They Could Have Named Her Anything

 

Stephanie Jimenez’s astonishing debut novel follows the evolution of a friendship between Maria and Rocky, two seventeen-year-old students at a private girls’ school.

In order for this youthful friendship to take center stage, both characters need to be incredibly rich and real, and I was so impressed with how well Stephanie pulls this off. The two teenagers felt so real, to me, in fact, I found they reminded me of things I’d actually forgotten about being that young. How quick I could be to anger, for one. How easily arguments would spring up between me and my friends, and how equally quick we were to brush them behind us and move on. Was it only hormones? Was it slogging through school every day on too little sleep, sitting through classes we hated, aching to reach a better future that felt so far away, that made us so touchy and irritable? I no longer remember the cause, but this book absolutely made me remember how it felt.

Maria’s mood swings seemed like both a product of her age and her situation—she’s desperate to get to college, but her father wants her to take a job first in order to pay for it. And it fascinated me to watch Maria navigate the sexism and the racism of her world. Reading about her, I was reminded of what it feels like to stay in a relationship with someone who treats you badly, for reasons that won’t make any sense when you look back on them twenty years later. Maria’s desperation to be the first in her family to go to college, and what that desperation drives her to do, is a powerful driving force for this book.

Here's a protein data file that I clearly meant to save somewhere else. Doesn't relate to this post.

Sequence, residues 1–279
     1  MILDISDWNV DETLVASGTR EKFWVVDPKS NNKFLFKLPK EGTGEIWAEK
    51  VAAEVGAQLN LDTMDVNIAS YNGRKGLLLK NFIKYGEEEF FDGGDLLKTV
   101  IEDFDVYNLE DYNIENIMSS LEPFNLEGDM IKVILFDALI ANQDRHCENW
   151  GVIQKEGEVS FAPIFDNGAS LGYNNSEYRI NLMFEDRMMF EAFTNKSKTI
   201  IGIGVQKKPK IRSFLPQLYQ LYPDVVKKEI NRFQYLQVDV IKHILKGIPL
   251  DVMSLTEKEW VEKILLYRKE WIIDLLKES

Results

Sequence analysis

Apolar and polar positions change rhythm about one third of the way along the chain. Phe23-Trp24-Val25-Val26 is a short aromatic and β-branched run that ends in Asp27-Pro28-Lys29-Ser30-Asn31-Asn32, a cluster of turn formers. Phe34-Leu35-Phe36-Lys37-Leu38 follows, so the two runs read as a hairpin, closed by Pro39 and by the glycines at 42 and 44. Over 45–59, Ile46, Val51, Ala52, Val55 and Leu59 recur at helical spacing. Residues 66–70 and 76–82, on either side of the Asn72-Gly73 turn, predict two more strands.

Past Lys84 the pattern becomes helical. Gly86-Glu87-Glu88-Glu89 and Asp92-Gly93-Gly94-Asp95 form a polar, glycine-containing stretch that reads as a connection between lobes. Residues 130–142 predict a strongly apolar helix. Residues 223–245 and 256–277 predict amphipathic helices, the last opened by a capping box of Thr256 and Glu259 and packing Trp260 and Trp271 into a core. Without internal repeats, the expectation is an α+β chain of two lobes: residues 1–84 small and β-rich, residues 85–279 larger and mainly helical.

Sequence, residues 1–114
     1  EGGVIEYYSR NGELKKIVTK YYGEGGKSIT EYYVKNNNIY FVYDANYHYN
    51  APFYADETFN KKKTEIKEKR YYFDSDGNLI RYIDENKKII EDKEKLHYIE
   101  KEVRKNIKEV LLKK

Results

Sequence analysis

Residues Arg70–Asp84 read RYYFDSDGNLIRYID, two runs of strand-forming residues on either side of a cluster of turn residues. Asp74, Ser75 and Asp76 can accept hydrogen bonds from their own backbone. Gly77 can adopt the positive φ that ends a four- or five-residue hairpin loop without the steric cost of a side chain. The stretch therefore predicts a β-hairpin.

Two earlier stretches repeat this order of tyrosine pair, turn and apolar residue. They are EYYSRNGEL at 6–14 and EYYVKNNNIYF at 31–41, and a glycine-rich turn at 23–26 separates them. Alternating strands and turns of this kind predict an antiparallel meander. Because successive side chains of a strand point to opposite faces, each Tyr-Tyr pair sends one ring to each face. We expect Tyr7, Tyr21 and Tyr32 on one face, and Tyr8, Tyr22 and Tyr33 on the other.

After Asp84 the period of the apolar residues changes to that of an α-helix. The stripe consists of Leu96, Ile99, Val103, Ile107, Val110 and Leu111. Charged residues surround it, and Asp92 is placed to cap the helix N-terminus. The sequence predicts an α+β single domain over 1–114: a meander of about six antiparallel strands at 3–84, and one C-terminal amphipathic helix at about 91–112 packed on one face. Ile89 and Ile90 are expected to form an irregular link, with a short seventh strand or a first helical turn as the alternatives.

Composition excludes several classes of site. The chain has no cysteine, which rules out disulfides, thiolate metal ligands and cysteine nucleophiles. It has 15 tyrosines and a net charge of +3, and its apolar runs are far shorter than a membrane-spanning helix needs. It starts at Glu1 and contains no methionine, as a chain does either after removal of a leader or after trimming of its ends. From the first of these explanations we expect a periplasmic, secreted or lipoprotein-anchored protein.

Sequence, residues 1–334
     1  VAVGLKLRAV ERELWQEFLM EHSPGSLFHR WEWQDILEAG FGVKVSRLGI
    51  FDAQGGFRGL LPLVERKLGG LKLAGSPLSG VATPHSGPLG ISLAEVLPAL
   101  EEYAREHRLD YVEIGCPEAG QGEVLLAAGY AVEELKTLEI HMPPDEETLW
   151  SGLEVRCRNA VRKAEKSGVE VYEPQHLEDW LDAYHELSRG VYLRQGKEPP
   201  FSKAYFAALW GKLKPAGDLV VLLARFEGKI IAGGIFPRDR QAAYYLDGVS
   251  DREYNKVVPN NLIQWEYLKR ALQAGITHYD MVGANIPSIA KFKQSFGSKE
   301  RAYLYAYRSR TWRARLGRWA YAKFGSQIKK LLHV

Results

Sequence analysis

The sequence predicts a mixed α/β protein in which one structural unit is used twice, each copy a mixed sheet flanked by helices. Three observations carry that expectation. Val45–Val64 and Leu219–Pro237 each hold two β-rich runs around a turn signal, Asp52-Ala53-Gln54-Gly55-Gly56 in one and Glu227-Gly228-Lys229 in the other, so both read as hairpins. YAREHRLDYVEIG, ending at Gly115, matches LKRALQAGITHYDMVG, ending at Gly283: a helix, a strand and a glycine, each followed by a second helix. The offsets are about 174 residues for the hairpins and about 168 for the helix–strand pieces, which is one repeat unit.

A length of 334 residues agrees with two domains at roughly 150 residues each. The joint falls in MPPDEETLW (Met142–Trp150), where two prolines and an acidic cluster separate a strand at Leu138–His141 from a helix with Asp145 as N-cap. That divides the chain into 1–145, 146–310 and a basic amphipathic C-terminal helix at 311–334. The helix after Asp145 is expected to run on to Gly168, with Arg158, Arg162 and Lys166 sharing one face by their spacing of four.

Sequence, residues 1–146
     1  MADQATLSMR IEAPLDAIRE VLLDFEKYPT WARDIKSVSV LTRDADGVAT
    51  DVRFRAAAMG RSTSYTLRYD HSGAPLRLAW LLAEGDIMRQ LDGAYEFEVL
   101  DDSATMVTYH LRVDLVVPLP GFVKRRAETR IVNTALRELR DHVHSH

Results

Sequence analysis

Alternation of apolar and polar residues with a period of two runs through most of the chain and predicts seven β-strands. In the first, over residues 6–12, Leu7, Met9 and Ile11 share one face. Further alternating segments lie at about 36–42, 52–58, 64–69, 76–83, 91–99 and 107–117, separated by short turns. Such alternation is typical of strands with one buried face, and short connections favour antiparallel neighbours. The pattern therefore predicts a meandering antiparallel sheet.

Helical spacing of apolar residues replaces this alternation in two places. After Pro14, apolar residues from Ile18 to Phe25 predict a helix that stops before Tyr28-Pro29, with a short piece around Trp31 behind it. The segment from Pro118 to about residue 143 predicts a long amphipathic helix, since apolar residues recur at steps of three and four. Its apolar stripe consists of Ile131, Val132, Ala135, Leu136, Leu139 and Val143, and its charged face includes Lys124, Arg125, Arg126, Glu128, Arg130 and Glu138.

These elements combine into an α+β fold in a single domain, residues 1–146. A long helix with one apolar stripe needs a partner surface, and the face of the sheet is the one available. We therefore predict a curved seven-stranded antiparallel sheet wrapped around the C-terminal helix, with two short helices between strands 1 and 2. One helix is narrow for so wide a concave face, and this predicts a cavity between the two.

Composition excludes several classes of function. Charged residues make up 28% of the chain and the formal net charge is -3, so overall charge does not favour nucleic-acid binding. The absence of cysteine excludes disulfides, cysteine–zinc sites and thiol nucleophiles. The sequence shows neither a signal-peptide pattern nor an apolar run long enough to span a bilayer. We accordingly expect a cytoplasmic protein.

I also loved how this story is told through multiple perspectives (the two girls and their fathers), particularly because it gives us a chance to see each girl through the eyes of her friend. Maria envies Rocky because of her wealth and the freedom this represents, while Rocky envies Maria her close-knit family and their love. Each girl seems to feel that this jealousy gives her license to take whatever she can from the other, and the result is a series of deceptions that continues to escalate until the book reaches its satisfying conclusion.

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Martine Fournier Watson is originally from Montreal, Canada, where she earned her master's degree in art history after a year spent in Chicago as a Fulbright scholar. She currently lives in Michigan with her husband and two children. The Dream Peddler is her first novel.

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